• Avoid inflatable swimming aids such as "floaties." They are not a substitute for approved life vests and can give a false sense of security.
  • Most children are not developmentally ready for swimming lessons until after their fourth birthday. Programs for younger children don't make them less likely to drown.
  • If swimming at the beach, it's particularly important to keep a close eye on your child.
    • Waves and ocean currents can be dangerous. Only older children who can swim well should go into the ocean water; life jackets should be used for all children who can't swim or feel less comfortable with the waves.
    • Swim shoes protect feet from sharp stones or seashells.
    • Don't swim near people fishing or jet skiing, or near boats, which can trap children underneath and pose a drowning risk.
  • Small children shouldn't participate in water sports such as water skiing or jet skiing. Anyone who does needs to wear a life jacket.

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Boat Safety

  • Children should wear life jackets on boats at all times. Adults should always be good role models for their kids by wearing their own life jackets, too.
  • Make sure the life jacket is the right size and not loose for your child. It should always be worn as instructed with all straps belted.
  • Inflatable swimming aids such as "floaties," toys, rafts and air mattresses should never be used instead of real life vests or life preservers.
  • Don't let children play on or near a boat without adult supervision, even if the boat is docked.

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Bug Safety

  • Stay indoors at peak biting times (early morning and dusk).
  • Avoid using perfumes or scented soaps and lotions on your child.
  • Avoid places where insects gather (standing water, flower gardens and uncovered foods).
  • When necessary, children older than 2 months may use insect repellants that contain DEET. Products should contain no more than 30% DEET because this chemical, which is absorbed through the skin, can cause harm. Bathe at the end of each day that you use insect repellants.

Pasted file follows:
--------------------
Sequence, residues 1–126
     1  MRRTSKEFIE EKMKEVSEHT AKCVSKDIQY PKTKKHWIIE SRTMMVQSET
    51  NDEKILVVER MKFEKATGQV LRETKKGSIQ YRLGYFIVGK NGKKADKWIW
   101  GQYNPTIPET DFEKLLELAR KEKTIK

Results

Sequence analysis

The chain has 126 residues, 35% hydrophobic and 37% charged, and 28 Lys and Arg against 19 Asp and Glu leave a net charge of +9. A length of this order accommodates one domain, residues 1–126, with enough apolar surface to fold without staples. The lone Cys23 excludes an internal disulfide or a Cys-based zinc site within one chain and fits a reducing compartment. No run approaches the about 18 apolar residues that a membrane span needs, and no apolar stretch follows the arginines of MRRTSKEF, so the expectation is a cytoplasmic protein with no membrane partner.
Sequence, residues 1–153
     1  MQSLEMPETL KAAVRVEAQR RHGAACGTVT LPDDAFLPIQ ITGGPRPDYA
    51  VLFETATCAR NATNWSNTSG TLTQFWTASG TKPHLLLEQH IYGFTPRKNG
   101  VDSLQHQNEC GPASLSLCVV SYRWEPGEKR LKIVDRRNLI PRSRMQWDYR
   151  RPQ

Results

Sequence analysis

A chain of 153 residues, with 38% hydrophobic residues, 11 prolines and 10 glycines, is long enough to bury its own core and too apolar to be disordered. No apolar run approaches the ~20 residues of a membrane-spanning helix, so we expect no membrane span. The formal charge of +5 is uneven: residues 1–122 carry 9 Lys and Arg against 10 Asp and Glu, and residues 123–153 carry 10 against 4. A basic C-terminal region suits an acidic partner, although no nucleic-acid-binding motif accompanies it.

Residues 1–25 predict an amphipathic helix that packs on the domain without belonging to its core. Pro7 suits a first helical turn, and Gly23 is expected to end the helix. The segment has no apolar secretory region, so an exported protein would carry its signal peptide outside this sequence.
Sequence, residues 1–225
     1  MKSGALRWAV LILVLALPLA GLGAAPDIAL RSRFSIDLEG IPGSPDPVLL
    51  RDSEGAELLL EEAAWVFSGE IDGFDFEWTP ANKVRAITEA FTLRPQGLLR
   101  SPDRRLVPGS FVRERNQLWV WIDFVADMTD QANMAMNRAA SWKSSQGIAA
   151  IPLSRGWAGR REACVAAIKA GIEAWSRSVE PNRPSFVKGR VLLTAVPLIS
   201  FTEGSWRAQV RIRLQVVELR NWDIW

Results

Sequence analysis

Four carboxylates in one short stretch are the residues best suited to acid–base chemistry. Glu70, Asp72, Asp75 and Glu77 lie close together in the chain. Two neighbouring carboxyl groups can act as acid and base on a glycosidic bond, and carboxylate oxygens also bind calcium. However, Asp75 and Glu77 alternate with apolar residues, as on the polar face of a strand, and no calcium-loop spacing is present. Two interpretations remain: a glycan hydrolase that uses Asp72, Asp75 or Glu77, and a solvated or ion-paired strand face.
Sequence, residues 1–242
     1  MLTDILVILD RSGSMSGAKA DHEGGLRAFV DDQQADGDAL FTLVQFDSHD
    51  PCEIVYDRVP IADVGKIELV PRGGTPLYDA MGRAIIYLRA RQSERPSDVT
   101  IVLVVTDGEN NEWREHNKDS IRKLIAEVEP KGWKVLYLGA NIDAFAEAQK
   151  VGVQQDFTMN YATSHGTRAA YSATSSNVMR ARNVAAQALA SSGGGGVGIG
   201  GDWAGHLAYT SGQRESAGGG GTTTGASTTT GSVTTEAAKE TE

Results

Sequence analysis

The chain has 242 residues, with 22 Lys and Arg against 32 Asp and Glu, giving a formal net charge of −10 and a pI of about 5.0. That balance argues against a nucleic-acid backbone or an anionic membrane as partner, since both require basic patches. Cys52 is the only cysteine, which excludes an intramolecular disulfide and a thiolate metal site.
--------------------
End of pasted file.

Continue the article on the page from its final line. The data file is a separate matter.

• To remove a visible stinger from skin, gently scrape it off horizontally with your fingernail or a credit card.
  • Bug nets can help protect infants and small children riding in strollers.
  • Take steps to avoid ticks, which carry Lyme disease:
    • If you live in an area known to have ticks, or if you are hiking in the woods or among tall grasses, check for ticks daily by examining the skin before coming indoors.
    • Wear long pants tucked into socks and use bug repellants, which can help prevent tick bites and tick-borne illnesses.
    • Remove ticks with a pair of tweezers by gently pulling the tick straight away from the skin.

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Lawn Mower Safety

  • Children should never ride as passengers on ride-on mowers.
  • Children younger than age 16 shouldn't use ride-on mowers; children younger than age 12 shouldn't use walk-behind mowers.
  • Make sure children are indoors or at a safe distance away from any area that is being mowed.
  • Try to use a mower with a control that stops the mower from moving forward if the handle is let go.
  • Prevent injuries from flying objects by picking up debris before mowing and by using a collection bag for grass clippings. Anyone who uses a mower should wear sturdy shoes (not sandals or sneakers) and hearing and eye protection.
  • Don't pull the mower backward or mow in reverse unless absolutely necessary. If you do, always look carefully for children behind you.